What are the side effects of scuba diving?
Diving does entail some risk. Not to frighten you, but these risks include decompression sickness (DCS, the “bends”), arterial air embolism, and of course drowning. There are also effects of diving, such as nitrogen narcosis, that can contribute to the cause of these problems.
Can you get sick from scuba diving?
Decompression sickness, also called generalized barotrauma or the bends, refers to injuries caused by a rapid decrease in the pressure that surrounds you, of either air or water. It occurs most commonly in scuba or deep-sea divers, although it also can occur during high-altitude or unpressurized air travel.
How long does decompression sickness last?
After several days of diving, a period of 12 to 24 hours (for example, 15 hours) at the surface is commonly recommended before flying or going to a higher altitude. People who have completely recovered from mild decompression sickness should refrain from diving for at least 2 weeks.
Does decompression sickness go away?
In some cases, symptoms may remain mild or even go away by themselves. Often, however, they strengthen in severity until you must seek medical attention, and they may have longer-term repercussions.
What is the most common injury in scuba diving?
The most common injury in divers is ear barotrauma (Box 3-03). On descent, failure to equalize pressure changes within the middle ear space creates a pressure gradient across the eardrum.
Is scuba diving hard on your body?
Scuba diving exposes you to many effects, including immersion, cold, hyperbaric gases, elevated breathing pressure, exercise and stress, as well as a postdive risk of gas bubbles circulating in your blood. Your heart’s capacity to support an elevated blood output decreases with age and with disease.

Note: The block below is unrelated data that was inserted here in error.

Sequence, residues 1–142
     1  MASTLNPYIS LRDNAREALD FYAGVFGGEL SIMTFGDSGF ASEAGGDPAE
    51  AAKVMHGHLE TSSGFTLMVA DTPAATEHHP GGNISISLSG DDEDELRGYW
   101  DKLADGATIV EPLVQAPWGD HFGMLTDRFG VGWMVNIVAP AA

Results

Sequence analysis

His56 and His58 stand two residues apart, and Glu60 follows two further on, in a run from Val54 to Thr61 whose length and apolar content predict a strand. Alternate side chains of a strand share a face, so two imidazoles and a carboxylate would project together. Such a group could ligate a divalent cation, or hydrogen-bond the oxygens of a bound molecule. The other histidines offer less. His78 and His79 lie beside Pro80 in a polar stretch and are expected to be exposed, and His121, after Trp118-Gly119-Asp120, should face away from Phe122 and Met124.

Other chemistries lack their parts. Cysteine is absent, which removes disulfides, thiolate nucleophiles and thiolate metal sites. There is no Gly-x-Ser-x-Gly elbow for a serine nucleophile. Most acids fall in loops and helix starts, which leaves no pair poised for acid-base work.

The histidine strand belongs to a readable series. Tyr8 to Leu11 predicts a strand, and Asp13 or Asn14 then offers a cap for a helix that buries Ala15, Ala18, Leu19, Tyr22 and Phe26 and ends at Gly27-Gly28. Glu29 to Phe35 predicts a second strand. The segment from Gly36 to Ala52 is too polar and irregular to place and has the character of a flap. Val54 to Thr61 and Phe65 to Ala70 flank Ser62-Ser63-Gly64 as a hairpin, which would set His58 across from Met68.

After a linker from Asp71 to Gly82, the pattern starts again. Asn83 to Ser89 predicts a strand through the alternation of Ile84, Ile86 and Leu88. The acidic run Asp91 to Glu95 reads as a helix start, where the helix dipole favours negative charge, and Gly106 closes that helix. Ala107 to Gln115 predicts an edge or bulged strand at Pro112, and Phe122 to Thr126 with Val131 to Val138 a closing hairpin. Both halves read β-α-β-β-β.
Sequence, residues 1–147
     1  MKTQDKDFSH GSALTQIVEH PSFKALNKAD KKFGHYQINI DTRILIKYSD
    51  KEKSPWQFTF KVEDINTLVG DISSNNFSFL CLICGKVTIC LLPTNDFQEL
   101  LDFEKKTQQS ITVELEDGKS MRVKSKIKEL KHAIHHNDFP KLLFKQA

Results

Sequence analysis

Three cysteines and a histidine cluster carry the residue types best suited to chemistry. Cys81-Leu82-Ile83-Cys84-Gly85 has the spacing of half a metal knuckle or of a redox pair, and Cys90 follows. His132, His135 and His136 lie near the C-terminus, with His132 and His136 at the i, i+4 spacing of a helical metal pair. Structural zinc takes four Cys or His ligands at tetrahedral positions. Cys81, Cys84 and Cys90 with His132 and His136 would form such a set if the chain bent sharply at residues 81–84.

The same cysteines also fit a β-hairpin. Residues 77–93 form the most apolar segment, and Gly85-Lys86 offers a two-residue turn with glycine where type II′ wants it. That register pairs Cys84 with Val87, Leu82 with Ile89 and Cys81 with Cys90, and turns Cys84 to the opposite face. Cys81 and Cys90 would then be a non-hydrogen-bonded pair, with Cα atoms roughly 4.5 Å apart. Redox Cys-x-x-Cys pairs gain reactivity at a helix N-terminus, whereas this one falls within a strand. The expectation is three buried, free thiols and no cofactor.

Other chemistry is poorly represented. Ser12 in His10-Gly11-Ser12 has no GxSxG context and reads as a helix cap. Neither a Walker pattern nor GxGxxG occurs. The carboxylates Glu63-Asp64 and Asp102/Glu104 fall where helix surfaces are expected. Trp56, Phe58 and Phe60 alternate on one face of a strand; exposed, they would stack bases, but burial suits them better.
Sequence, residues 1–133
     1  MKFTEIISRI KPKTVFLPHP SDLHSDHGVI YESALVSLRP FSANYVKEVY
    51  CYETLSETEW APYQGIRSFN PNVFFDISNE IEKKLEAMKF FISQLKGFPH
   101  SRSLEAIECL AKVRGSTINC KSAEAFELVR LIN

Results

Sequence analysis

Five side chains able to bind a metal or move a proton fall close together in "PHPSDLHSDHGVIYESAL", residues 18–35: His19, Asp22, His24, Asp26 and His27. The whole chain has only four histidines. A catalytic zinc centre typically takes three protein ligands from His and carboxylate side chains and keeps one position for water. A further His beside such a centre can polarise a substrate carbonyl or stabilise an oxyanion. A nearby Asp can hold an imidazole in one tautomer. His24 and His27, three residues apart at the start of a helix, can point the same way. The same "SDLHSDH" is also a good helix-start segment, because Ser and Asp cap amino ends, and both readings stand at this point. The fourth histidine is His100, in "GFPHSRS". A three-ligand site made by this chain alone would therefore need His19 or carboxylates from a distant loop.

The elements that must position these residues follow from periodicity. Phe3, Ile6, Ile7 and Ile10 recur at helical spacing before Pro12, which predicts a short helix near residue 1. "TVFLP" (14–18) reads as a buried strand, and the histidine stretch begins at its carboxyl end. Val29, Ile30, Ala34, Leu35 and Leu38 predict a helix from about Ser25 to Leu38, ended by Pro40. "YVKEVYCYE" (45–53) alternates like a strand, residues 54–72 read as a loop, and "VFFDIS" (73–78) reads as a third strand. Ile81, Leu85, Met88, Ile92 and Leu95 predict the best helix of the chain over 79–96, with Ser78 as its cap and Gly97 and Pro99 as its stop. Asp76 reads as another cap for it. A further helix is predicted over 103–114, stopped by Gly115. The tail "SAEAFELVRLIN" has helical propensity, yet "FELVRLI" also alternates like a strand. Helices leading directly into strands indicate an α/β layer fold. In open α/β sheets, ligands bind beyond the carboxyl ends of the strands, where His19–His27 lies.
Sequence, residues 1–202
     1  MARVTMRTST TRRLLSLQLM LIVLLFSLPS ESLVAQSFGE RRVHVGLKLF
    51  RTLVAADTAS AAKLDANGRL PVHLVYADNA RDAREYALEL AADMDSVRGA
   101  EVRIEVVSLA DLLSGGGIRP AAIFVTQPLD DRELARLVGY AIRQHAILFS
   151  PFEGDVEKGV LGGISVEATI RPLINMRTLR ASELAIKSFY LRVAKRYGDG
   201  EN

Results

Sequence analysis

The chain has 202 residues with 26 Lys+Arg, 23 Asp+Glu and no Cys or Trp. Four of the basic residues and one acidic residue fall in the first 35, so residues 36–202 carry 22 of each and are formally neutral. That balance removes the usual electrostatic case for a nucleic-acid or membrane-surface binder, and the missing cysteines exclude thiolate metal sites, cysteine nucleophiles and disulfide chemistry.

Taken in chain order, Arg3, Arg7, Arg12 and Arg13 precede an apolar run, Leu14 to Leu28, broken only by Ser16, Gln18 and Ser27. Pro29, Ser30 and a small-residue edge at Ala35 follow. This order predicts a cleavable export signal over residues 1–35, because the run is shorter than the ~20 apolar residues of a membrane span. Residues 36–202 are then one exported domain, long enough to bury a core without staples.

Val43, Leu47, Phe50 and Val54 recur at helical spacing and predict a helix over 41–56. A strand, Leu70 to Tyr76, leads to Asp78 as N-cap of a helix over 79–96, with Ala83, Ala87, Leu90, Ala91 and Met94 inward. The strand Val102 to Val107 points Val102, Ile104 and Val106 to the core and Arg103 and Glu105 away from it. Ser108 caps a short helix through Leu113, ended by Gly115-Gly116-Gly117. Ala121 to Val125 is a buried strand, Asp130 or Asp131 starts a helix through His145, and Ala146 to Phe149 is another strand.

What do the bends feel like?
The most common signs and symptoms of the bends include joint pains, fatigue, low back pain, paralysis or numbness of the legs, and weakness or numbness in the arms. Other associated signs and symptoms can include dizziness, confusion, vomiting, ringing in the ears, head or neck pain, and loss of consciousness.
Why do I get headaches after diving?
The carbon dioxide headache, one of the most common for divers, is caused by an increase in the body’s carbon dioxide level, which stimulates receptors in the brain’s blood vessels. An increase in the brain’s blood flow to these receptors leads to headaches.
How deep do you have to go to get decompression sickness?
Nitrogen narcosis symptoms tend to start once a diver reaches a depth of about 100 feet. They don’t get worse unless that diver swims deeper. Symptoms start to become more serious at a depth of about 300 feet. Once a diver returns to the water’s surface, the symptoms usually go away within a few minutes.
How do you cure the bends?
The Bends Medical Treatment
- The diver will need high-flow oxygen and IV fluids. …
- The diver will likely need to go to a hyperbaric chamber for recompression. …
- Often the person is admitted to the hospital to monitor medical condition and to ensure that there is no recurrence of symptoms.
What is the most prominent symptom of decompression sickness?
Joint pain, the most common symptom from decompression sickness, can last for days or weeks.
Can I dive after decompression sickness?
After pain-only DCI without neurological symptoms, you can consider a return to diving after a minimum of two weeks. With minor neurological symptoms, consider returning after six weeks. If you had severe neurological symptoms or have any residual symptoms, you should not return to diving.